9. Omaha games have WAY more variance. 20-30 buyin swings are commonplace (i’m talking about in a day/session). The long run is really, really long. I’ve seen graphs of people running 300buyins over/under EV after a million hands. It’s a tough game and you need some mental fortitude to be able to survive. But if you can survive there’s still a ridiculous amount of money to be made and a lot of fun to be had.

      10. Mental fortitude and the ability to stave away tilt. I think a lot of the traits that make up a winning PLO player are the same as most other variants – you’ll notice those at the top of every game tend to have the same things in common (intelligence, ability to focus, not tilting, playing within a bankroll, handreading, etc).

      Cheers,

      Roy

  5. roy,

    thank you very very much! I look forward to listening to it. (shouldn’t there be some type of sneak preview for Halloween?)

    Write your book in a hurry, sign a copy for me and come back for a follow-up podcast. I am a guaranteed sale.

    which

  6. I’m late to the party but maybe someone is still paying attention (if so, thanks!):

    1) Live PLO is super slow, right? How does this affect profitability and enjoyment?

    2) Online PLO has higher rake (bb/100). Some people say that micro stakes online are unbeatable. What does this mean for starting out? Should I save up enough bankroll to start higher, get my feet wet at micro stakes (and lose even when I play well because of outrageous rake), or what?

    3) PLO is higher variance but people also say it is possible to have a higher ‘true’ win rate with the same skill/effort as compared to NLH. How does this affect bankroll requirements? Might NLH be more profitable for a given bankroll because you can play higher?

    4) Online you can play more tables of NLH AND it plays faster. Does PLO still possibly have a higher hourly?

    Because of these issues I haven’t worked on my PLO game much and play mostly NLH cash. I keep hearing that I should learn PLO though so I’m not comfortable with the decision!

    • Hey Rant2112,

      1) Yes, generally it is. This is due to it being full ring (9 or 10 handed) and there being fewer hands per hour than holdem (it takes longer to deal 4 cards, time is spent calculating the pot, and the game is more complex so people take longer with their decisions). It’s still highly profitable but I personally don’t enjoy it very much unless the game is somehow shorthanded.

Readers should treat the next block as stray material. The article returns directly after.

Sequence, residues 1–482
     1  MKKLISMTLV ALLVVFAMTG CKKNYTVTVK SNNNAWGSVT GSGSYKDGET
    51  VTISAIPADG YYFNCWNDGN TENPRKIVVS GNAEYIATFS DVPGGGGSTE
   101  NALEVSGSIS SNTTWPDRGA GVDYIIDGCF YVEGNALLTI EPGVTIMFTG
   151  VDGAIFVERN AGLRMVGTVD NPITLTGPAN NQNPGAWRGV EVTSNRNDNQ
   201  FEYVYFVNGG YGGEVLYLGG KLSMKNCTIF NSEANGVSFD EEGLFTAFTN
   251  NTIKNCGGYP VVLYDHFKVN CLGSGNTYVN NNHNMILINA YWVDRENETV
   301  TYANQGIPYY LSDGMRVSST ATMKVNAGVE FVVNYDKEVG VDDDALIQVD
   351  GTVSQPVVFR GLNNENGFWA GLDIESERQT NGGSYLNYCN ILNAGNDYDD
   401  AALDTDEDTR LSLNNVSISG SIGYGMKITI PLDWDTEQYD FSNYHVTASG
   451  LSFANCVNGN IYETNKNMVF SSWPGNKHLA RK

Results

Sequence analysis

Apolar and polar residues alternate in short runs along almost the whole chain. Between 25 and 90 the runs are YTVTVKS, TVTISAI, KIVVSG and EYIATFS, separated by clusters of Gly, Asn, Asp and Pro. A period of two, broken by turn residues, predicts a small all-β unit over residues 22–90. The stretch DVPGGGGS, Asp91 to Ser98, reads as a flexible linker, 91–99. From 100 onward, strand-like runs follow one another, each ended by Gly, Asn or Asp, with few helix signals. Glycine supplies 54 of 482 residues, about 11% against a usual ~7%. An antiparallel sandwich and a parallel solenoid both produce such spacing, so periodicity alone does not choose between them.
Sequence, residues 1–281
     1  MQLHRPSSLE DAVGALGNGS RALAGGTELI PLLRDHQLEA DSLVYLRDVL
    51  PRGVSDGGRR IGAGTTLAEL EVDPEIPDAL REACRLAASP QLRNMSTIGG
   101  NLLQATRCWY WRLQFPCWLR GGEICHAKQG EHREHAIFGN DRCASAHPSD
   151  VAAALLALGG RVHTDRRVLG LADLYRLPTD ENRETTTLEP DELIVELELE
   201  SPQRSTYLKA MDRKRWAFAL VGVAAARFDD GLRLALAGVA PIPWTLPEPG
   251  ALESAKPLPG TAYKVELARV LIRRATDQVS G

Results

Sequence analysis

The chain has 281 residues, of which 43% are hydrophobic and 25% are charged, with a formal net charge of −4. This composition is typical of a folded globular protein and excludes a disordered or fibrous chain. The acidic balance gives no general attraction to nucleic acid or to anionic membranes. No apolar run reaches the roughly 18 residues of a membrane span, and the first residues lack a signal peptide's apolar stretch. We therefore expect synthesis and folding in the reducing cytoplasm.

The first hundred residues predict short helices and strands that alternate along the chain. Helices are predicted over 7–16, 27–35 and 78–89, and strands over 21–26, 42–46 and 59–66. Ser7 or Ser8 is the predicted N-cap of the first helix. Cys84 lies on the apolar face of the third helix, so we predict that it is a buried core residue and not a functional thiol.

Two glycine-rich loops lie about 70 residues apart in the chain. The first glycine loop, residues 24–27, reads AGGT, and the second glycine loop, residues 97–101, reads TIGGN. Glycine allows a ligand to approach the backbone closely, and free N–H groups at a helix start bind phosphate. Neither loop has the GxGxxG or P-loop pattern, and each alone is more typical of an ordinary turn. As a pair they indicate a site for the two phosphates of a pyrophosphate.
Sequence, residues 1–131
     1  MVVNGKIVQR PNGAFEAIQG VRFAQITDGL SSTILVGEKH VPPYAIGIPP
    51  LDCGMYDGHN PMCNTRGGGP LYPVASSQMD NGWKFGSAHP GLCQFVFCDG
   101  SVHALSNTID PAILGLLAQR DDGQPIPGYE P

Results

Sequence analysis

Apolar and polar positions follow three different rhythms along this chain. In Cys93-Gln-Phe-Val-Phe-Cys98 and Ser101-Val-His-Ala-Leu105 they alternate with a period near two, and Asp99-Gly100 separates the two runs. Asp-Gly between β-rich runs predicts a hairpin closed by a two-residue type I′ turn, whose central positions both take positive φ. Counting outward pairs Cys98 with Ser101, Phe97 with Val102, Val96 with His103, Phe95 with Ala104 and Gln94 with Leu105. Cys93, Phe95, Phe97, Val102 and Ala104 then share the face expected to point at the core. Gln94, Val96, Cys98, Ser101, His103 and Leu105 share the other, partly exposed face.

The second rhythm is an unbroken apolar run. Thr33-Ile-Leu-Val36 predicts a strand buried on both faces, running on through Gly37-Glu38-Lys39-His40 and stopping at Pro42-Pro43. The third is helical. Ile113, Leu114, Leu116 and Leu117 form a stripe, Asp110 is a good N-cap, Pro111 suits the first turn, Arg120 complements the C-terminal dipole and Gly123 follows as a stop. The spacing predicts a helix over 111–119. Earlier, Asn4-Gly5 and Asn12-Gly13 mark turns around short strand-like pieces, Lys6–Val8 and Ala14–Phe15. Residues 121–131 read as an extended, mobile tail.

2) Micro stakes are certainly beatable – especially when you take into account rakeback/rewards programs. Stars especially give out bonus rewards to micro stakes players. Regardless, I would start at the lowest stakes to get your feet wet since that’s also where you’ll face the softest competition. Then use an aggressive bankroll management strategy to move up in stakes.

      3) Your winrate may be higher but so will your standard deviation (much higher in fact) which is where the variance comes from. So even if you do manage to have a higher winrate in PLO, I believe the variance will be higher (unless your winrate is significantly greater). Whether NLHE or PLO is more profitable depends on what winrate you personally can achieve at various stakes – take a 50k roll, you may be comfortable playing 5/10 NLHE with it but only 2/4 PLO with it but if you’re only beating 5/10 NLHE for 1.5bb/100 and are beating 2/4 PLO for 5bb/100 you end up winning more despite the lower stakes.

      4) Again, this is highly dependent on the person. I suppose if you had the same winrate in NLHE as you have at PLO then your hourly would be higher at NLHE. I believe though that PLO is a lot softer than NLHE and higher winrates are far easier to achieve for the disciplined player than they are at NLHE.

      I highly recommend learning PLO. There is a ridiculous amount of money to be made in the game and will be for a long time. Plus, it’s fun! And, you don’t have to stop playing NLHE just because you start playing PLO. Do as you mentioned earlier and just get your feet wet — perhaps dedicating 5hrs a week to PLO to begin with and if things go well / you’re enjoying it, take it from there.

      Cheers,

      Roy